Purebred Pricing in the BC SPCA

One thing that has troubled me for some time is the pricing that my local SPCA has for their dogs:

Dogs $225
Dogs – Toy Breeds: $325
Dogs – Purebred (documented by appropriate paperwork): $325

I emailed them and was referred to the BC SPCA, which apparently sets all the prices and got this response:

Thank you for your email, which has been refered to me for reply. After much debate, we did increase prices for purebreds over two years ago. I agree philosophically that purebreds are not “better” dogs, but the economic reality is that the public will readily pay more for such dogs, and as a charity we must maximize our revenues. Yours is the first such comment on this pricing in two years. Thank you for sending us your concern and we will certainly consider all such input.

Best wishes,

Bob Busch

BC SPCA GM Operations

I am perplexed.  The SPCA could maximize their revenues by breeding their dogs to produce puppies that could be sold for more money than older adults, but they don’t.  Why?  They would tell you that it would be contributing to the overpopulation of unwanted dogs and they would be right.  But how is charging more for purebreds working to eliminate overpopulation?  It brings more money, true.  But it also introduces the insidious thought that, “Well, even the SPCA thinks irresponsibly produced purebreds and toys are more valuable than regular ol’ Lab mixes!  Papers must mean something!” which, if you think about it, is pretty much the opposite message that the SPCA wants to get across to people.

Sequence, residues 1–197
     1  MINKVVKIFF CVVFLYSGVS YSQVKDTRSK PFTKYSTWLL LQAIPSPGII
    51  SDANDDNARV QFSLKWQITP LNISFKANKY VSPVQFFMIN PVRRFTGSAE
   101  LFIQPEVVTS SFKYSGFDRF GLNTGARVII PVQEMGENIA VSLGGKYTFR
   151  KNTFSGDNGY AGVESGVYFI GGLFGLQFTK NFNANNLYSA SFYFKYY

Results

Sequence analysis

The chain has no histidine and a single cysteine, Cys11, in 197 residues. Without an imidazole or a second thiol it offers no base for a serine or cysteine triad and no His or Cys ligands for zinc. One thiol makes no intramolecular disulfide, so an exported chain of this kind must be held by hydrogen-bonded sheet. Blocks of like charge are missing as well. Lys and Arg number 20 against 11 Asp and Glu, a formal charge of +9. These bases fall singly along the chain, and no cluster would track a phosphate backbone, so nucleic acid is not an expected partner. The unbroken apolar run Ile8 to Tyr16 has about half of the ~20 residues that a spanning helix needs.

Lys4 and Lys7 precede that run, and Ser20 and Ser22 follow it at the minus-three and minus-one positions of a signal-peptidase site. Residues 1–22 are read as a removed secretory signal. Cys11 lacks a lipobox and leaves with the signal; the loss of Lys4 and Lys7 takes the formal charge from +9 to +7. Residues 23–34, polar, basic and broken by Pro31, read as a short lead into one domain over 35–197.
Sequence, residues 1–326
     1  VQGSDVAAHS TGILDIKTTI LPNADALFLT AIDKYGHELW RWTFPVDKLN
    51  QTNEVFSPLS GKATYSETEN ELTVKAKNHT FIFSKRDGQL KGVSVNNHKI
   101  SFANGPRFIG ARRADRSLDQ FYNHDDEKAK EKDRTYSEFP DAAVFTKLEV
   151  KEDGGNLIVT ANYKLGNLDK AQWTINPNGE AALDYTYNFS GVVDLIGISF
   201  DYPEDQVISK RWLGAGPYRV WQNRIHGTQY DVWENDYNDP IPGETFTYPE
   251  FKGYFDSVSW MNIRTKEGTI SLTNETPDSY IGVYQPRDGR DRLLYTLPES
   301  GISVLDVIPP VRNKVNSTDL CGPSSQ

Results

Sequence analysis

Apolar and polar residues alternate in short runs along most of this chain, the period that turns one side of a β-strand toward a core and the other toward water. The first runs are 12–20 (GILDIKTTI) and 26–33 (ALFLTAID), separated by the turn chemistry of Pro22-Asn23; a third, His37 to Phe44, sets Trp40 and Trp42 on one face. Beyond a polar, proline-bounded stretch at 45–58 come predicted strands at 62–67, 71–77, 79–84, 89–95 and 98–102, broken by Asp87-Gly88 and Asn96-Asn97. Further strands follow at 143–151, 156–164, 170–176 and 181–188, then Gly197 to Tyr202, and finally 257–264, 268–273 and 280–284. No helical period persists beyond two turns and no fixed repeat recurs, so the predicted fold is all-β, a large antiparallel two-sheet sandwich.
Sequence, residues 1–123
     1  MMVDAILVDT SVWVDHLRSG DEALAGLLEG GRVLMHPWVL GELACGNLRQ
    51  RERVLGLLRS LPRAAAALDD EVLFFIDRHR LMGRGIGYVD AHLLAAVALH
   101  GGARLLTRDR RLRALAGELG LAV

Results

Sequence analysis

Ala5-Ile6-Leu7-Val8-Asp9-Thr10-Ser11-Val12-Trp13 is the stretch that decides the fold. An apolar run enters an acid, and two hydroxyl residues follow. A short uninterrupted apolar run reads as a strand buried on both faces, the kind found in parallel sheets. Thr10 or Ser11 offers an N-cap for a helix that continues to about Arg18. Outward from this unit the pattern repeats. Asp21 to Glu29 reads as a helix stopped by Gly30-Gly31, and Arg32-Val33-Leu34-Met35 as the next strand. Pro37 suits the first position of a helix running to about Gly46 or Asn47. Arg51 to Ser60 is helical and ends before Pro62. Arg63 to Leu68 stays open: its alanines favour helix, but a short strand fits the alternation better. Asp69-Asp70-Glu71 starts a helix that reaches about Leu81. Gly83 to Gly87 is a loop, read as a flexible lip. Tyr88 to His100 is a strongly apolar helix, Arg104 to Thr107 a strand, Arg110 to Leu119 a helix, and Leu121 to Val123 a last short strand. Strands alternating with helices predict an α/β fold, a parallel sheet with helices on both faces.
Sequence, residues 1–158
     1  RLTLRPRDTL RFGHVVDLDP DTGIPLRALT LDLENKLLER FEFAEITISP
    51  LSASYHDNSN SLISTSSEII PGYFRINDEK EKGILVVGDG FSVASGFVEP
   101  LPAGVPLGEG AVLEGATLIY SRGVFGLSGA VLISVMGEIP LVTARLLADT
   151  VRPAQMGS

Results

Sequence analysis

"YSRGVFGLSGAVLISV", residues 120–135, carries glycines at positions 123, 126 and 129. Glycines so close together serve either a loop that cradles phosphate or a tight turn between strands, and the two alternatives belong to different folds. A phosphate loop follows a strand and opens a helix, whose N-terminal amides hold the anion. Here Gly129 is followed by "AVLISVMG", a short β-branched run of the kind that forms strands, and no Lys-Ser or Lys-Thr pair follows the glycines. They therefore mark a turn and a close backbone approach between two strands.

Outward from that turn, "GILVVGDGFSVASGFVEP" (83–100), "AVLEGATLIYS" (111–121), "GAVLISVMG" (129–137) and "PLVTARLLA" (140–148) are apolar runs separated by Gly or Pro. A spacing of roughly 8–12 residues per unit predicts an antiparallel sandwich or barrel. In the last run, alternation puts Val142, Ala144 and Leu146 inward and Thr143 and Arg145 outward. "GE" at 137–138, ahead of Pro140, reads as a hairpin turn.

Here’s what I sent back to Mr. Busch:

Hi, Bob,

If I have sent you the first comment on the pricing in two years, it may mean that most of the people seeing the pricing are thinking that it’s natural for purebreds to be “worth money” and that “papers” mean that the dog is somehow worth more than other dogs.  I would submit that, contrary to maximizing your revenues, this pricing policy is actually working against them, by perpetuating the myth that these dogs are somehow more valuable than the ordinary dogs that had the misfortune to be born mongrels.  It’s difficult for the SPCA to encourage people not to breed their dogs solely for profit when the SPCA is trading on the image of the purebred dog to make more money.

Thank you for taking the time to read and respond to my email,

Julie MacTire